Question 14: What do you think is the best approach to attract businesses to Edmonton? Direct incentives to specific businesses, paid for by slightly higher taxes, or lower tax rates for all businesses?
I would like the city to be more welcoming to business in terms of improving the permitting and licensing process as a means of attracting entrepreneurs to our city. I think the city should also be trying to become a leader in green technology and help to promote businesses focused on sustainability.
Question 15: Should the City be in the business of operating golf courses, or should they privatize or sell them off? How about garbage collection - half of which is already private - or other services?
No. The golf courses should not be privatized. This will invariably lead to higher green fees and make them less accessible to city residents. Likewise, I do not think garbage collection should be privatized any further than it already has.
Question 16: Should we defund the police? If yes, what exactly does defunding the police mean to you? If not, what should the City do to address both historical and ongoing injustices?
No. The police are an important part of the social fabric of our city and provide invaluable service to the community. The police as an institution are not perfect and they need to continue to improve their relationship with the community, which should entail sensibility training and better awareness of how vulnerable groups in our society are impacted by government policies and the availability of social services.
Question 17: Do you support the City’s mandatory vaccination policy for City employees?
Question 18: Council recently dropped residential speed limits to 40km/h, do you agree with that decision, and what do you think about the proposal by some to go further and drop it to 30km/h in the future?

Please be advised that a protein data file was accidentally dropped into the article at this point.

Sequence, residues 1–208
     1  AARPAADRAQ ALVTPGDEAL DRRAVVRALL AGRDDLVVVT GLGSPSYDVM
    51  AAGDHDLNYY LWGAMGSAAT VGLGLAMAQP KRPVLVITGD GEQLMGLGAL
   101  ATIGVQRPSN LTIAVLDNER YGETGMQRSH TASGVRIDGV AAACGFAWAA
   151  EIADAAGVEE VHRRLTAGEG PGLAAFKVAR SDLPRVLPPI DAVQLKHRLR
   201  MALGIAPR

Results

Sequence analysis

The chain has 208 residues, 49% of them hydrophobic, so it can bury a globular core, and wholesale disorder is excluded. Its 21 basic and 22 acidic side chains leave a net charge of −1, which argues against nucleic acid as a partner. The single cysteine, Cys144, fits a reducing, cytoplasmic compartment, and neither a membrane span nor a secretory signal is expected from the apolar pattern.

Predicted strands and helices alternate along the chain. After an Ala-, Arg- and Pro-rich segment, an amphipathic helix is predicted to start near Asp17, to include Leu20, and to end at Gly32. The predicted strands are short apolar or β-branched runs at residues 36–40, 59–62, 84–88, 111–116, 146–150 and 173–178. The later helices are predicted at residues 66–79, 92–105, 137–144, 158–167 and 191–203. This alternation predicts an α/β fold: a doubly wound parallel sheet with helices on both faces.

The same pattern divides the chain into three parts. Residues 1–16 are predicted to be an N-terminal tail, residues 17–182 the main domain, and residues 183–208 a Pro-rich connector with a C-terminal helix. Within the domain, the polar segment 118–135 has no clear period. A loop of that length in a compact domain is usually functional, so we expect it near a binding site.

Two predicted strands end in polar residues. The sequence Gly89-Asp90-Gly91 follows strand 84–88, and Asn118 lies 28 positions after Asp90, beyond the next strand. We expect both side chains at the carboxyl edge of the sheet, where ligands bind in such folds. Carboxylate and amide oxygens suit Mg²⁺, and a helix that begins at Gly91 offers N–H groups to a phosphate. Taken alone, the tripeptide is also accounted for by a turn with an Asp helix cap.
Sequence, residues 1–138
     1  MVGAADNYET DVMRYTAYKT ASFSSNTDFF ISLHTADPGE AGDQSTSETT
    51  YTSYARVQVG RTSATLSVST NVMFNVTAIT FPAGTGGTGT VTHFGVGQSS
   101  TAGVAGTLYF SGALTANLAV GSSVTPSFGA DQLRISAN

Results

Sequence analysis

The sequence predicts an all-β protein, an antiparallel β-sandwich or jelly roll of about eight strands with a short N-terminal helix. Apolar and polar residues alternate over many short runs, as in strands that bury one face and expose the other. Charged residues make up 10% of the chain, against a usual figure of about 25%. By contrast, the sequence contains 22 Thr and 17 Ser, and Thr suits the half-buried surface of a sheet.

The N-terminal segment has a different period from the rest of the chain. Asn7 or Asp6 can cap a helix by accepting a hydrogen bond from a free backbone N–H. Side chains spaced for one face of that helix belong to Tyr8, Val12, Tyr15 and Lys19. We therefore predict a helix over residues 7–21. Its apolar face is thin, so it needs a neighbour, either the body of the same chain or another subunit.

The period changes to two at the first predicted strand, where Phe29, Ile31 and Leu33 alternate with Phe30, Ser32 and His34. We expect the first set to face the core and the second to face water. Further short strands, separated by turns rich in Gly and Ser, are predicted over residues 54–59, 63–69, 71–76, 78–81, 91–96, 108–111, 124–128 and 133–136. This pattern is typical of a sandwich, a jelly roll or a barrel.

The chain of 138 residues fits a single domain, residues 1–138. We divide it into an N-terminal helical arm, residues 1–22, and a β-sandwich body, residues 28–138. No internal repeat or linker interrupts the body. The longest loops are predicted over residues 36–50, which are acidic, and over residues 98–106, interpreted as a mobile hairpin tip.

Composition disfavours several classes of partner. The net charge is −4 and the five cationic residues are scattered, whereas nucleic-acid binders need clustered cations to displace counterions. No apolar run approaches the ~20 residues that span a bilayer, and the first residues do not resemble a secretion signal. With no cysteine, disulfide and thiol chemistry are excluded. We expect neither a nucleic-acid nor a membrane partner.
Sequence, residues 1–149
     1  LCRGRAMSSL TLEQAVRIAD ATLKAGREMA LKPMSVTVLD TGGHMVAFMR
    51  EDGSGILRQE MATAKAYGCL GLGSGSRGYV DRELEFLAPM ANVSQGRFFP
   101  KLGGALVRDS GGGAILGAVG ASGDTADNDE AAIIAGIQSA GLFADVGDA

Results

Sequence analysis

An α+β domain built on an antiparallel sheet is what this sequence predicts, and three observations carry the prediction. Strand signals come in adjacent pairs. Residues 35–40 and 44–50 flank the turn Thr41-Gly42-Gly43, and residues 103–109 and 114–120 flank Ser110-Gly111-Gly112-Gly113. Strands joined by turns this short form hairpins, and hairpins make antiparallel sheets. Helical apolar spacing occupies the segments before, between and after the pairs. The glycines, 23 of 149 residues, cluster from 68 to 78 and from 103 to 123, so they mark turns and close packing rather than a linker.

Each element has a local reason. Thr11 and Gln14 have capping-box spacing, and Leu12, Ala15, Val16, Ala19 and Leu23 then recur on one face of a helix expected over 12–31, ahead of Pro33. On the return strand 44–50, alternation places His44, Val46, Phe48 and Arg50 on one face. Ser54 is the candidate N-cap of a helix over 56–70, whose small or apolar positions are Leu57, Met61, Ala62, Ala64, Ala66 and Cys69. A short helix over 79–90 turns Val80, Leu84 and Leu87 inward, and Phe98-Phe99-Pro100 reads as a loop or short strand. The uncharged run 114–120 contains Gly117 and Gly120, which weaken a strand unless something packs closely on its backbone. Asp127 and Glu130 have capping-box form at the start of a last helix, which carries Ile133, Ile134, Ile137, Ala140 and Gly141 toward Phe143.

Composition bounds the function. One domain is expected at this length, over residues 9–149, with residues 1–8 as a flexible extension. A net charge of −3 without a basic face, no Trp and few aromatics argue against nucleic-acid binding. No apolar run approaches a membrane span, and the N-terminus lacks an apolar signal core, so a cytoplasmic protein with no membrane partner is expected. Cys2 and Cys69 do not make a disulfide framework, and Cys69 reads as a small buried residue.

Yes. I support the 40 km/h speed limit in residential areas and 30 km/h in school zones. I don't support a further reduction to 30 km/h in all residential areas.
Question 19: Serving as a Councillor you are responsible to btoh your local constituents and every Edmontonian. How would you deal with a situation where you feel that the best interests of your local constituents in your ward conflict with what you feel is the best interests of the City as a whole?
This is too hypothetical to warrant a categorical response. If elected, I would represent my constituents and their best interests, which, I imagine, would align with the best interests of the city in more cases.
Question 20: While the concept of a secret ballot is essential, many of our supporters have told us that they’d like to know the political alignment of their candidates. So, if - and only if - you feel comfortable saying so, who are you voting for in your local ward race and why, and if you are affiliated with any provincial or federal political parties, which ones and why?
I am not publicly endorsing any candidate for mayor. I am also running as an independent and have not received any donations from any corporations or unions. If elected, I will strive to be open-minded and thoughtful, doing my very best to serve my constituents and the city as a whole.